“If the Delta variant gets a hold in the community, I could only say heaven help us.”
These were the sobering words of Minister of Health Terrence Deyalsingh on Wednesday as he pleaded with the population to partake in the ongoing COVID-19 vaccination drive.
Deyalsingh, who said 60.8 per cent of the adult population remains unvaccinated, added that the Delta variant of the COVID-19 disease is three to four times more transmissible than the gamma variant. As such he said, the public health measures can only go so far in offering protection. He warned that this strain could prove catastrophic if it spreads in the community.
“Ladies and gentlemen this is of deep concern to us as we have been saying all along. So far, the Delta variant we have been catching it at quarantine sites, one or two who presented with a negative PCR and fully vaccinated and went home we have been getting them so far so good. However, if the Delta variant as it has in other countries gets a hold in the community setting amongst a largely unvaccinated population, things could turn bad overnight in hours not days.”
“The entire health system will become overwhelmed; the economy could be affected. So, I want to make a clarion call for adults to be vaccinated. No appointment is made, no lining up. It is so easy, and you have a choice of vaccines. It is an area of concern as it has always been, the large portion of the population many of whom are eligible but still for whatever reasons are not being vaccinated,” he said.
For children between the ages of 12 to 18, he said 60 per cent of this population still remains unvaccinated. He asked that parents and children pay attention to developments in other countries where hospitals are overwhelmed and treatment for non-covid patients has been interrupted.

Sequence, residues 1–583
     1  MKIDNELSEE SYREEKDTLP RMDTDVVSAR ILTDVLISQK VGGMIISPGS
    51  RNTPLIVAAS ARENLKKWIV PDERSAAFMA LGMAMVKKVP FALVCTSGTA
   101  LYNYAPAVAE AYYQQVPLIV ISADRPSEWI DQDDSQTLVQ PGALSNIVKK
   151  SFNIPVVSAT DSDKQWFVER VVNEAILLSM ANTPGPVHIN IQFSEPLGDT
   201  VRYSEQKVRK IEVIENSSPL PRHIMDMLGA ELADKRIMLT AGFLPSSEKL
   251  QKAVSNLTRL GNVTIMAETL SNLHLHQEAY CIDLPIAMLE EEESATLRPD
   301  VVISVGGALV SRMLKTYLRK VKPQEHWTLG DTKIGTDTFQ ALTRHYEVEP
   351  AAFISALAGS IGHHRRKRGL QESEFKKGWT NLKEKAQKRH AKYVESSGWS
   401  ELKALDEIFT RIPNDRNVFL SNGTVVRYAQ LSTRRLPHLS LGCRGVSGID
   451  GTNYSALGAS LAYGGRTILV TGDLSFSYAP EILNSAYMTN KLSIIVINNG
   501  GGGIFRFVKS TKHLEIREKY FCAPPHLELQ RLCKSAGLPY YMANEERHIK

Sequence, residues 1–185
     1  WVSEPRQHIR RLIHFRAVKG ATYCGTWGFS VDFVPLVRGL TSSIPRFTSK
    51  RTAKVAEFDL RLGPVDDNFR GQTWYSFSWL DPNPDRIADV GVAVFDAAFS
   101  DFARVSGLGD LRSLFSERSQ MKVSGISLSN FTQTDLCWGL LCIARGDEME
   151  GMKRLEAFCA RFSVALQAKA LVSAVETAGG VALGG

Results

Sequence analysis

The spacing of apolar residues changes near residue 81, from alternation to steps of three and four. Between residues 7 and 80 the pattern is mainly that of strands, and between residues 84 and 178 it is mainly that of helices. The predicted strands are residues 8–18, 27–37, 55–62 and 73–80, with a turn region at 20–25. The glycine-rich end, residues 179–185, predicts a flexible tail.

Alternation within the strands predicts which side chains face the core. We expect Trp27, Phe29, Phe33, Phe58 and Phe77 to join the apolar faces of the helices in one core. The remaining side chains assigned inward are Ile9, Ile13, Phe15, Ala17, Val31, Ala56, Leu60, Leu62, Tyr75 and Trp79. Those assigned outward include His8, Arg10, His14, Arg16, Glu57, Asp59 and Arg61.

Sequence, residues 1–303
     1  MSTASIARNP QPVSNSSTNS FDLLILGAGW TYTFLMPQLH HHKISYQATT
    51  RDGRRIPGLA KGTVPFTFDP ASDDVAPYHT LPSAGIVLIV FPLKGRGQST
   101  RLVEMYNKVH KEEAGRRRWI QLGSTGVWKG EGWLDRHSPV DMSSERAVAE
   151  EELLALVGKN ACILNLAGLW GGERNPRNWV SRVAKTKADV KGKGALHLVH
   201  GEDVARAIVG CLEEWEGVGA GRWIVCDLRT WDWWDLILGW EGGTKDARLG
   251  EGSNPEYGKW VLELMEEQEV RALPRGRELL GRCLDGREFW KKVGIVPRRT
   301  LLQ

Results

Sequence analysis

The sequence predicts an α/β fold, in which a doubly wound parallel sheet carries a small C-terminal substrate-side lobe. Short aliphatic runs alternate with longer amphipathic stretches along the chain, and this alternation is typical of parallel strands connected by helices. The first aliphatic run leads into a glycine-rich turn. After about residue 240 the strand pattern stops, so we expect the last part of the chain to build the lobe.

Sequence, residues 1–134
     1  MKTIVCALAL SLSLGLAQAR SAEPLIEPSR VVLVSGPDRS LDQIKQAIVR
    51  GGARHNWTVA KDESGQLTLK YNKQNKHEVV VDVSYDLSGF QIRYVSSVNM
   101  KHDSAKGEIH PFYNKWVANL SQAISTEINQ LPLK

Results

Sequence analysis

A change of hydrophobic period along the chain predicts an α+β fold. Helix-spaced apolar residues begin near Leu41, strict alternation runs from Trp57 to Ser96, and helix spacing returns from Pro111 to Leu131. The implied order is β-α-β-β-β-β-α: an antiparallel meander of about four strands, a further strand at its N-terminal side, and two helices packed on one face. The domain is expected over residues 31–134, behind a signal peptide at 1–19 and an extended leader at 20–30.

“60 per cent no doses received. It means that in the 12 to 18 cohort we have roughly about 54,000 children that are not on their way to a first or second dose. The same concern about the Delta variant catching on in an unvaccinated population between 12-18 is dire. Please pay attention to what is happening in other countries where whole hospitals cannot provide basic care for their heart attack and stroke victims and so on because they are overwhelmed and overrun by covid-19. We need parents and guardians to get vaccinated and if you have children between 12 and 18 to get them vaccinated,” he said.
In addition to these populations, he said, the diabetic population in Trinidad has also been hesitant in being vaccinated. He said various posts on social media have shown misinformation within this community.
However, he referenced research that indicates persons with diabetics and other non-communicable diseases (NCD’s) are more likely to be hospitalized or suffer severe COVID-19 symptoms than others.
“The estimate for the number of diabetics in Trinidad is 182,000 to 280,000 persons…Our research is telling us that persons with diabetes still believe that because they have diabetes they should not be vaccinated. If you have diabetes, then the covid-19 vaccine is for you. Persons with diabetes which we call sugar are three times more likely to have serious complications from covid-19 than persons without diabetes. Diabetics are more at risk for hospitalization and death from covid-19. Dr Hinds has been saying this for months now, when you look at the co-morbidities, diabetes, hypertension etc., those persons often have a more negative outcome,” said Deyalsingh.